I wrote this a year ago as a sort of introduction to Pantheism for a group I belong to, of mostly non-pans.
I am a PAN-THEIST, from the Greek roots πᾶν (pan), meaning “all, of everything” and θεός (theos) meaning “god, divine”… or “all” = “god” 🙂
Richard Dawkins infamously called pantheism “sexed up atheism” and because pantheists do not believe in an anthropomorphic “God” concept or divinely revealed information, he’s perhaps partly right. But it’s the “sexed up” part that’s important! More true to form, pantheism creates a sort of spiritual, emotional and philosophical grounding that is often missing from plain, vanilla (true) “atheism”.
Pantheism is the view that the natural universe is divine, the proper object of reverence; or the view that the natural universe is pervaded with divinity.
To quote Paul Harrison, a contemporary author that I respect very much:
“When we say that the cosmos is divine, we mean it with just as much conviction and emotion as believers say that their god is God. But we are not making a metaphysical statement that is beyond proof or disproof. We are making an ethical statement that means no more, and no less, than this: We should relate to the universe in the same way as believers in God relate to God. That is, with humility, awe, reverence, celebration and the search for deeper understanding.”
(“Divine Cosmos, Sacred Earth,” from Harrison’s Scientific Pantheism website.)
Whether they self-identified as “pantheist” or not, the words of many great scientists, poets and philosophers are often cherished as pantheistic in nature; going as far back as the Roman emperor Marcus Aurelius (AD 121-180), and all the way into modern times with poets like William Blake and scientists such as Albert Einstein and Carl Sagan:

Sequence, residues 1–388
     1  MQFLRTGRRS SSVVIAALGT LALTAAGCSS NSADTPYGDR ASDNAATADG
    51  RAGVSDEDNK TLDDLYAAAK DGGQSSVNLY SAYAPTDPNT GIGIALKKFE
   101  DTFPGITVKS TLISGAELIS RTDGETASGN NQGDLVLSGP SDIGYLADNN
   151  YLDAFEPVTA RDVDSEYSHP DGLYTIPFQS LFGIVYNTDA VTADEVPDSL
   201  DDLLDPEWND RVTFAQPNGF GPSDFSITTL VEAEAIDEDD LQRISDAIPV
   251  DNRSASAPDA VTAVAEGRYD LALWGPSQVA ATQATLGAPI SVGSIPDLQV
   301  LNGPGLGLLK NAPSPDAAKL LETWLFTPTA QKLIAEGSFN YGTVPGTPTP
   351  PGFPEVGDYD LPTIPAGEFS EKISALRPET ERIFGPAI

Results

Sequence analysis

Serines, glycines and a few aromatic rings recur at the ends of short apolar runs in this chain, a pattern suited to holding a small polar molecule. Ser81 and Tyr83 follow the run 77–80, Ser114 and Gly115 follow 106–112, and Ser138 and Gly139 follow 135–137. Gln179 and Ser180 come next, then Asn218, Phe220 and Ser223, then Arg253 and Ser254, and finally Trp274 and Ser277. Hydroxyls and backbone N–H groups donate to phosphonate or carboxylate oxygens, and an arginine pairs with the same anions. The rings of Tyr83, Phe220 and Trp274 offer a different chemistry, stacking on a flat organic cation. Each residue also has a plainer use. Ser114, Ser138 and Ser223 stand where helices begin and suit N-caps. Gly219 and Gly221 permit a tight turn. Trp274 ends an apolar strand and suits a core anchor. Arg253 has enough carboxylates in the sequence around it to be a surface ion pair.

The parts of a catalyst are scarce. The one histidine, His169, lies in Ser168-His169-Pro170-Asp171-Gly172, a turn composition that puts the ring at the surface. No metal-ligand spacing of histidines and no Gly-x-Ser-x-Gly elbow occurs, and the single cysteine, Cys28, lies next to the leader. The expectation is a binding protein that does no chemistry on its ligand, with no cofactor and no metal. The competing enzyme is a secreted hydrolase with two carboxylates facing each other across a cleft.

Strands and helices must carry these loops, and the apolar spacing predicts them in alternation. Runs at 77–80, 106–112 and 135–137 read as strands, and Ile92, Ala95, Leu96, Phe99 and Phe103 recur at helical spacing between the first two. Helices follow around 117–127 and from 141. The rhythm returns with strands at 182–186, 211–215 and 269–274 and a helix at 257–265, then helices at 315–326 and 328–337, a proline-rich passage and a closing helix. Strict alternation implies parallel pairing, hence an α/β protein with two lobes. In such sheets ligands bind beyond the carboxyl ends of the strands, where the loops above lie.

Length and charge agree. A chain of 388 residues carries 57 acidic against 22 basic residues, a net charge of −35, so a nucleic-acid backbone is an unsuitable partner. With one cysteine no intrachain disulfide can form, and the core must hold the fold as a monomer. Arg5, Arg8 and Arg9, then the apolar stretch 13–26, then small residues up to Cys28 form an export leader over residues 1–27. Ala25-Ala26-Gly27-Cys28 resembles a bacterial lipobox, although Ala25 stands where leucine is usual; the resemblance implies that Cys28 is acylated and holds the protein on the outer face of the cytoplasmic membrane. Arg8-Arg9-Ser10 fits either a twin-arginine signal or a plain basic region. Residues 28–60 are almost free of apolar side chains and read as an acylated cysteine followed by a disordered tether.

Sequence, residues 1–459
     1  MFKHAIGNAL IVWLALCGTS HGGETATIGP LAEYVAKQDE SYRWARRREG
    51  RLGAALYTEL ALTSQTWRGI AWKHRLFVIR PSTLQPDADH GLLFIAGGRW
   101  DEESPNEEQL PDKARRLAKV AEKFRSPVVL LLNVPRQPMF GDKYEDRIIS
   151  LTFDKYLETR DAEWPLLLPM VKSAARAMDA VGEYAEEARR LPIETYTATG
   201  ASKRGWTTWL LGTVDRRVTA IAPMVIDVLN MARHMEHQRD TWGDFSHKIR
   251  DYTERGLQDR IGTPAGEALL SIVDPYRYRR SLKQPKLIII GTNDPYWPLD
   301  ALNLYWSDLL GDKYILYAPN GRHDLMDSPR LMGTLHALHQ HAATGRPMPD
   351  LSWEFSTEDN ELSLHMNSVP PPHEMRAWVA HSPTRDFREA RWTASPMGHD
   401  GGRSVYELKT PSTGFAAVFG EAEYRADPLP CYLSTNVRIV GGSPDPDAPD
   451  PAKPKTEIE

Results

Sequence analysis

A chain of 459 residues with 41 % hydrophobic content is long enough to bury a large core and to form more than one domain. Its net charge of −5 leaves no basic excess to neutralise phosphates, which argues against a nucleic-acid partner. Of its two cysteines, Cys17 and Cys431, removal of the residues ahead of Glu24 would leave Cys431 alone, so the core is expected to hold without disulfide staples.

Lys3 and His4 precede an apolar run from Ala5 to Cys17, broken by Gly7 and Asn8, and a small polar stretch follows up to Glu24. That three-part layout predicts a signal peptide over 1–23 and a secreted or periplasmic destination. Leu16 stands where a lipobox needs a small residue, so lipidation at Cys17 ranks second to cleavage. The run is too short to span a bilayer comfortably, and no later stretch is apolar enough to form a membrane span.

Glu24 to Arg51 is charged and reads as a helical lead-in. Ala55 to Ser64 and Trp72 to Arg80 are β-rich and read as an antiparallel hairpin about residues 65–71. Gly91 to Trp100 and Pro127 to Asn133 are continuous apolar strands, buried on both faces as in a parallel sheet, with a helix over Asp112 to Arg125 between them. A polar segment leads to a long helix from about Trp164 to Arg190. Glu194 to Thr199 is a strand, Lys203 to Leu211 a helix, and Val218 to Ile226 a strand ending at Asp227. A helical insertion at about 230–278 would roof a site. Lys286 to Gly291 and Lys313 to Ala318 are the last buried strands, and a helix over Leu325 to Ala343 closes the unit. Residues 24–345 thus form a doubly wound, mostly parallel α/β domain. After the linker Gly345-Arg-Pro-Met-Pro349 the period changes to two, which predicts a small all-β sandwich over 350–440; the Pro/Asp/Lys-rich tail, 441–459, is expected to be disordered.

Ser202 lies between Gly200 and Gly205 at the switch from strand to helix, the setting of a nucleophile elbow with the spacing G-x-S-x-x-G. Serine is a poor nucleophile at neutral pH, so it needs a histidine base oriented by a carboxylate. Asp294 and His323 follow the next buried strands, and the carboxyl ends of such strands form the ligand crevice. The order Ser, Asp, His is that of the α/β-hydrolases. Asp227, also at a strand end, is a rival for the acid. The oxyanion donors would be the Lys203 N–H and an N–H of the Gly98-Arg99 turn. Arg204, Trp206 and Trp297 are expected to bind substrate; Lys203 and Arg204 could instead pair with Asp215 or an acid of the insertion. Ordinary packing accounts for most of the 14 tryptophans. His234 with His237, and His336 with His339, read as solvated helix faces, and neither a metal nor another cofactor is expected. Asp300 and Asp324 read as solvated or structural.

“Dwell on the beauty of life. Watch the stars, and see yourself running with them.”
― Marcus Aurelius, Meditations
“Whatsoever is, is in God, and without God nothing can be, or be conceived. God is the indwelling, and not the transient cause of all things.”
― Baruch Spinoza, Ethics (1677)
“To see a World in a Grain of Sand And a Heaven in a Wild Flower, Hold Infinity in the palm of your hand And Eternity in an hour.”
― William Blake, Auguries of Innocence
“When we contemplate the whole globe as one great dewdrop, striped and dotted with continents and islands, flying through space with other stars all singing and shining together as one, the whole universe appears as an infinite storm of beauty.”
— John Muir
“The whole story of the universe is implicit in any part of it. The meditative eye can look through any single object and see, as through a window, the entire cosmos. Make the smell of roast duck in an old kitchen diaphanous and you will have a glimpse of everything, from the spiral nebulae to Mozart’s music and the stigmata of St. Francis of Assisi. The artistic problem is to produce diaphanousness in spots, selecting the spots so as to reveal only the most humanly significant of distant vistas behind the near familiar object. “
— Aldous Huxley
“I have repeatedly said that in my opinion the idea of a personal God is a childlike one. You may call me an agnostic, but I do not share the crusading spirit of the professional atheist whose fervor is mostly due to a painful act of liberation from the fetters of religious indoctrination received in youth. I prefer an attitude of humility corresponding to the weakness of our intellectual understanding of nature and of our own being.”
― Albert Einstein
“A religion old or new, that stressed the magnificence of the universe as revealed by modern science, might be able to draw forth reserves of reverence and awe hardly tapped by the conventional faiths. Sooner or later, such a religion will emerge.”
― Carl Sagan, Pale Blue Dot (1994)